In the comments section of the Versus Populum posting about Rowan Williams's view of God, I ran across the following sentence:
The living God as the divine perichoresis of the Trinity already contains and 'knows' what it means to be human in the unity of the fully divine/human person of Jesus Christ.I admit that, after reading that, I had to look up the word perichoresis. It turns out there is a Wikipedia article on it, for anyone who is interested. It is a part of Trinitarian theology, as it turns out; but then, I am not a Trinitarian. In any case, what I found interesting was the suggestion that somehow the Incarnation was necessary in order for God to know what it means to be human.
I've run across this argument before. And I have to say that it makes no sense to me. Are we to believe that God didn't know what it was like to be human before Jesus was born? Are we to suppose that there are actually limits to God's knowledge and understanding?
I would suggest that God already knew and already knows what it is like to be human, that there is no limit to God's knowledge and understanding, and that furthermore this means that God knows what it is like to be me and you and the fish in the sea and the birds in the air and the bacteria in your lower intestine.
To say that God knows all of this in the fullest way possible means that God knows our experiences not just objectively as an outsider, but God actually knows what we are experiencing internally as well. God's empathy is perfect, in other words, in ways that our own capacity for empathy is not. God understands our own subjective experiences. This dovetails with the notion of panentheism--because if God shares in all of our subjective experiences, then God understands us not just as an external observer, but also from the inside; and this implies that God is within us and we are within God.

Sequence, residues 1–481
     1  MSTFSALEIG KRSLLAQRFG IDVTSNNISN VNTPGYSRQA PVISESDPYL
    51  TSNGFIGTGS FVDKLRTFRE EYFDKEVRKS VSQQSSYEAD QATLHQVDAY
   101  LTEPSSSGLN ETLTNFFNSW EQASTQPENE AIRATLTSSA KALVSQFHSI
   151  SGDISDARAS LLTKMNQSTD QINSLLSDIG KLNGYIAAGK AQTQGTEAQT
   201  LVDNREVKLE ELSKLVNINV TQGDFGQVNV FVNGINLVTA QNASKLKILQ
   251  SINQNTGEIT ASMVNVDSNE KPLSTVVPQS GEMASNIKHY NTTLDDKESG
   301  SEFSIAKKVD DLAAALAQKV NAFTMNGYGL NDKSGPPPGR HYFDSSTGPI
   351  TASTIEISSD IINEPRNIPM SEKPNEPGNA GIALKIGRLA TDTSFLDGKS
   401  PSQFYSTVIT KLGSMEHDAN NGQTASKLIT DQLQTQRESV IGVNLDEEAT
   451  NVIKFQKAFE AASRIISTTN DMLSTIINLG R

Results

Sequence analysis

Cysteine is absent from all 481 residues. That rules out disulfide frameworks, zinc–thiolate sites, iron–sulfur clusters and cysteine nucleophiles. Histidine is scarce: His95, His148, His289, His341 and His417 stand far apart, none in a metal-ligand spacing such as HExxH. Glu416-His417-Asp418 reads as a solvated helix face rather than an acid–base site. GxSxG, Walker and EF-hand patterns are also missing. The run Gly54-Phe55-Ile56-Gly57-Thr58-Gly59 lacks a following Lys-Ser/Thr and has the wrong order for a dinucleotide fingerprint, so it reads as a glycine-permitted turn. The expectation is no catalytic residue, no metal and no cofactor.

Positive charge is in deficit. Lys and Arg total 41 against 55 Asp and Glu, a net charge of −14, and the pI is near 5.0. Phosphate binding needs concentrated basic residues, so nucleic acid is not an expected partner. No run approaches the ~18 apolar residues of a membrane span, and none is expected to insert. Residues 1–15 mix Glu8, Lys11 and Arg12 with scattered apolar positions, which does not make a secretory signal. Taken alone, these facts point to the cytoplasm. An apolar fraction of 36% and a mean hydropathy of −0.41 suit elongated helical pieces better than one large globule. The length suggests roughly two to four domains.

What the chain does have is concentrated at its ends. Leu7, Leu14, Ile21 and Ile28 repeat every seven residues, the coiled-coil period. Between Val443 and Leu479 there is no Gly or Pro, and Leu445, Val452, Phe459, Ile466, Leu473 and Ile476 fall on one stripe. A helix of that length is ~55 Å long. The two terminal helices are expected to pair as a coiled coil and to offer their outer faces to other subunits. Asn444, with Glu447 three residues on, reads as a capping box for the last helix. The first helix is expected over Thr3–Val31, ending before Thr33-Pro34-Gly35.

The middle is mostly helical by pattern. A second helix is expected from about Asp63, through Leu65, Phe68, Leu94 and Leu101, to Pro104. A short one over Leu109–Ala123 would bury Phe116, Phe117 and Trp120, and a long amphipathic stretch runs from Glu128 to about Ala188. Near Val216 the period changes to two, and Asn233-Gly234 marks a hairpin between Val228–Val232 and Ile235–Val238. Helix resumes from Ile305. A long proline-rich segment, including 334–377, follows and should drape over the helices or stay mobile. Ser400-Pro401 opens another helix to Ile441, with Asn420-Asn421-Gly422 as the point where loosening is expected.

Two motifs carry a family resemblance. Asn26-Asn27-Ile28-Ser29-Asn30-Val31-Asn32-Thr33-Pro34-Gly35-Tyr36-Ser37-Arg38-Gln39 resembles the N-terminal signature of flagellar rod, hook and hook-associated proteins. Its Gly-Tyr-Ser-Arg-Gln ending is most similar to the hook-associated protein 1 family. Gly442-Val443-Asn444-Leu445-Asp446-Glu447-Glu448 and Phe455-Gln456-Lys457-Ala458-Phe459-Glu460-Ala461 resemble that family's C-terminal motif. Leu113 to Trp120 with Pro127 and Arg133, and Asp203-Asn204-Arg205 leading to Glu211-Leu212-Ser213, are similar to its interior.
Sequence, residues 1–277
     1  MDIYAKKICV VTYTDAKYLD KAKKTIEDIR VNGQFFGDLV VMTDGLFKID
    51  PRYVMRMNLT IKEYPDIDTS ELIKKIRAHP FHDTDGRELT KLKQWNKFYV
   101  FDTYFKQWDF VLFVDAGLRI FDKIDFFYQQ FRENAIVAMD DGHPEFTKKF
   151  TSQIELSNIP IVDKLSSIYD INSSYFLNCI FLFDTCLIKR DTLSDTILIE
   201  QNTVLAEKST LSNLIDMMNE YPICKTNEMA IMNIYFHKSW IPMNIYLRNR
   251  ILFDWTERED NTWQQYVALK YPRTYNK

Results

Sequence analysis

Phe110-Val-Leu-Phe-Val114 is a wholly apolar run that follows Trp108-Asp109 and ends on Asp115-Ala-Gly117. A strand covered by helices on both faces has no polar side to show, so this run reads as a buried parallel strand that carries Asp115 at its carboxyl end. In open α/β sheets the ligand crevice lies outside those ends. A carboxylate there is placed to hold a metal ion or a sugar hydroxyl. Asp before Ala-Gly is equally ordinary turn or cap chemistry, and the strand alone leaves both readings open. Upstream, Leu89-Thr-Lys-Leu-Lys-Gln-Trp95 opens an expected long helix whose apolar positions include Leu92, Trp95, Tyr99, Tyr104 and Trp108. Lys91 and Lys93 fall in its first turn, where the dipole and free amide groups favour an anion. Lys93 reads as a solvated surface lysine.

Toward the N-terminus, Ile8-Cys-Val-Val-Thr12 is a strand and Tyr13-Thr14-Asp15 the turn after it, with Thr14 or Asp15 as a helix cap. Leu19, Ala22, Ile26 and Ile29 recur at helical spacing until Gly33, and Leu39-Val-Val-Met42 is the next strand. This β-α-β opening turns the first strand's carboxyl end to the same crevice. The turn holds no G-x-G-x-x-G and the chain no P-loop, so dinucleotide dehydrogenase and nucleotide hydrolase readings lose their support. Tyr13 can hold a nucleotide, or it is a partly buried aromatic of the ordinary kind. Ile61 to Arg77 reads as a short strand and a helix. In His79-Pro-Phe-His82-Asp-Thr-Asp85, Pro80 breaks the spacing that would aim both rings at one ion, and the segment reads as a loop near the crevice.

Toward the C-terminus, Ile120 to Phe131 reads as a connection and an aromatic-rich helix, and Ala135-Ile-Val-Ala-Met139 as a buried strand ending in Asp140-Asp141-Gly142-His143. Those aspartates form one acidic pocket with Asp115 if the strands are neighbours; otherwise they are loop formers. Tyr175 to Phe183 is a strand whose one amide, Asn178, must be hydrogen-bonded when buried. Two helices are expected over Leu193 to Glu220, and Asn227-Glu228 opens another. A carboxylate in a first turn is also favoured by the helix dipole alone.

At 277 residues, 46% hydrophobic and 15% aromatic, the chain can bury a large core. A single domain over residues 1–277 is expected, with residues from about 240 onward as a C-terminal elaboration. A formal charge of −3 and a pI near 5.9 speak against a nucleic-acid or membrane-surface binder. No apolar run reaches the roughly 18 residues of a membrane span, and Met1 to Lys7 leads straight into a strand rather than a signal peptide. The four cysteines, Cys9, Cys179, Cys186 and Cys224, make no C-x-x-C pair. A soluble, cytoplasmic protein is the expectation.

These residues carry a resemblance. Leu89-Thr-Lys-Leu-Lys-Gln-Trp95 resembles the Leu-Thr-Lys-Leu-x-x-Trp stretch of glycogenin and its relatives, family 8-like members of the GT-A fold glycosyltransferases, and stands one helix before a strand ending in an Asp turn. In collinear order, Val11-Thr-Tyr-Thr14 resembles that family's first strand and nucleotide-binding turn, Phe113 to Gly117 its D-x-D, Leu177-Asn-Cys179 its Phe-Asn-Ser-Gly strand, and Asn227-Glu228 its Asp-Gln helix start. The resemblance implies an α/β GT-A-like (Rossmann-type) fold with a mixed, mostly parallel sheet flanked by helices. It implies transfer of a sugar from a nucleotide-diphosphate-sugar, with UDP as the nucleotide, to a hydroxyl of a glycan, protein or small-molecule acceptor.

To suggest otherwise is to place limits on God's omniscience. I cited in an earlier posting a quote from Uta Ranke-Heinemann that stated that "A powerful God finds more supporters than a compassionate God." Perhaps we can add to this a corollary: a powerful God finds more supporters than an omniscient God as well. By that I mean that God's alleged omnipotence--which supposedly allowed him/her to act as a kind of divine sperm donor to a young woman 2000 years ago and thus create a miraculous birth so that God could incarnate himself on earth--is said have been a means of overcoming a certain limit to God's omniscience.
In my view, describing God as omniscient and omnibenevolent makes for a richer and more meaningful theology than what can be accomplished by describing him/her as omnipotent.